I consider myself to be a fairly experienced hiker. My parents took us on regular hikes and camping trips in my youth in California, and then after moving to the east coast, my dad brought us kids along on many backpacking adventures in the Appalachians and other state and national park destinations. I’ve maintained my love of the outdoors as an adult and have tried to pass it on to our own kids, including family hiking outings in the Cascade Mountains in Washington State, Yellowstone, and repeats of my favorite childhood hike, Old Rag in the Blue Ridge mountains of Virginia.
Living in the heart of Europe has afforded us many new opportunities to get out and enjoy the great outdoors. Regular readers might recall an early post on my first real hike in Switzerland last year, up the Rochers de Naye. I recently discovered (along with my niece Laura who was visiting) an awesome short hike on the Le Selève – our local mountain here in Geneva – that offers one of the greatest views of the Swiss and French Alps one will find anywhere. These hikes were awesome, but I think I just topped them all with a hike in Italy’s “Cinque Terre” National Park along the Mediterranean seacoast in northern Italy. And what made this hike truly special was that my hiking companion was my son Patrick!
The Road Trip to Cinque Terra
It just so happens that the city of Pisa is right on the way from Florence, Italy (our point of departure where we had just spent three days on a mini-vacation, and yes, it’s also awesome – more on that in a future post…) and our destination of Cinque Terre. No way were we going to bypass Pisa without getting out to take a look at the city’s iconic tower, so we did just that, and after running the gauntlet of selfie-stick and “Rolex” salesmen, took this photo.
Pretty neat, huh? We’ve all seen photos of the tower, but it really is a pretty cool thing to see in person. We worked up a bit of an appetite after our second breach of the selfie-stick / Rolex gauntlet, so we ventured off to find a place for a quick bite to eat before proceeding to Cinque Terre.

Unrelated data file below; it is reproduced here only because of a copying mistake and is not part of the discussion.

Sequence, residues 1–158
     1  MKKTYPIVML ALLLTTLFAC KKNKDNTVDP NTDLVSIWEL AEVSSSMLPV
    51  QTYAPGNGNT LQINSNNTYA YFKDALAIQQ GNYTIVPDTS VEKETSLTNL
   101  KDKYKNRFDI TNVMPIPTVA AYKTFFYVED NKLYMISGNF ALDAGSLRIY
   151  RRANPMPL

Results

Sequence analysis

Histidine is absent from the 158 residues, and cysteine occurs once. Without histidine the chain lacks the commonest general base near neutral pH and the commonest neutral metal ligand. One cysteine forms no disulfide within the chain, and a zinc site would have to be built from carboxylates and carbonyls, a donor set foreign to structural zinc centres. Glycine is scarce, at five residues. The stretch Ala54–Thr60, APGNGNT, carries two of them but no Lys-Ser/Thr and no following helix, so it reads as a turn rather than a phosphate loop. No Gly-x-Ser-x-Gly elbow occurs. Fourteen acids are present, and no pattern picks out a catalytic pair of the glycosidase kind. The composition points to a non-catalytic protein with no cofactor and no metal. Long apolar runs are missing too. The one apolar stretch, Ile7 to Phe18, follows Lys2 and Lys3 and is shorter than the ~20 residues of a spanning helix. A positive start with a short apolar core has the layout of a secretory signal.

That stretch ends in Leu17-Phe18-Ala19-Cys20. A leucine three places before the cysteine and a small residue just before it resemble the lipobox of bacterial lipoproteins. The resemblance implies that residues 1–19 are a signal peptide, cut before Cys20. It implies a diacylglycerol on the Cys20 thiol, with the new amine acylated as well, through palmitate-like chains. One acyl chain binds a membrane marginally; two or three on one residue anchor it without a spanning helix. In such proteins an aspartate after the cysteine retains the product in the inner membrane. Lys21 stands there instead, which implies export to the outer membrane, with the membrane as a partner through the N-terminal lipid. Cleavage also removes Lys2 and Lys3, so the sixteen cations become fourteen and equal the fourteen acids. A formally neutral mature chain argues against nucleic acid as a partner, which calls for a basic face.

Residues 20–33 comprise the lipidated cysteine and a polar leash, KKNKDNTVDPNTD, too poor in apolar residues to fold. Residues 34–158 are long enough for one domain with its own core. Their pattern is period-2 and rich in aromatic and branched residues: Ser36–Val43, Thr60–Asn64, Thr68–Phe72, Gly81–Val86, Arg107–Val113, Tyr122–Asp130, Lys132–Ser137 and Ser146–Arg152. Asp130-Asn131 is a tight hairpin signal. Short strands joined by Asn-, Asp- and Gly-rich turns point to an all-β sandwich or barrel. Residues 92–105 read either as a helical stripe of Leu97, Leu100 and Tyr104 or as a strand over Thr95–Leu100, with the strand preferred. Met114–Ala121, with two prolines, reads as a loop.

The Cinque Terre (“Five Lands”) is a string of five centuries-old seaside villages on the mountainous Italian Mediterranean coastline. The final 45 minutes of the drive is along a single lane road carved into and through the the mountains. We stayed in a town called Vernazza, the second village as one hikes from the north to the south. (On our hike, we had to take the train to the northernmost town of Monterosso so that we could complete the entire hike.) Here is a photo of Vernazza from the trail.
The region is part of the Cinque Terre National Park and is a UNESCO World Heritage Site. In each of the five towns, colorful houses and ancient vineyards cling to steep terraces, and its unlike any site I have ever seen before. Here is a photo that shows the topography of the park. The trail links the five cities and ascends and descends over 2000 feet between villages, so it is not a hike for the faint of heart.
The hike involves walking from one village to the next, and it takes from 90 minutes to two hours to get from village to village. Its “only” 3 or 4 kilometers between villages, but that does not accurately describe the extent of the trail, because very much of it is either up or down a very steep hill. I wanted to give readers a sense of what this hike is like, so I shot video of a variety of the terrain as we hiked along. The following video – I hope – will give you a view of how steep much of the trail is. Please forgive the deep breathing. You’d never know it from listening to this video, but I’m actually in pretty good shape. No really.)
Another unique feature of the trail is that virtually its entire length is “paved” with large rocks. An earthen-only trail would wash away in the rain because of the steep terrain. (In fact, much of the town of Vernazza was buried in 4 feet of mud after severe flooding in October of 2011). Here’s a picture I took of Pat standing on an interesting stone bridge. Click on the bridge to enlarge the photo. We were convinced that the bridge must have some sort of reinforcement hidden from view. (Friends of mine who are bridge engineers, feel free to weigh in…)
Another feature of the hike is that much of it meanders directly through active vineyards. We were hiking in the middle of winter (a good time to do it, incidentally, if you’d prefer not to encounter hundreds of other tourists on the trail – we encountered four, all day long) so the grape vines are presently dormant. It is still a very interesting and beautiful scene to walk along these terraced vineyards, as we are doing in this video.
Here’s another good look at the trail. As I filmed this, I reference a couple of villages along the trail, and totally butcher the names of the villages we hiked through…
I rectify the mispronunciation of the villages here, in a video I took after the hike once my oxygen and blood sugar levels had stabilized.
A final truibute to my hiking companion. Thanks Patrick, for a great adventure. I am glad to see that we’ve passed on our love for hiking on to you!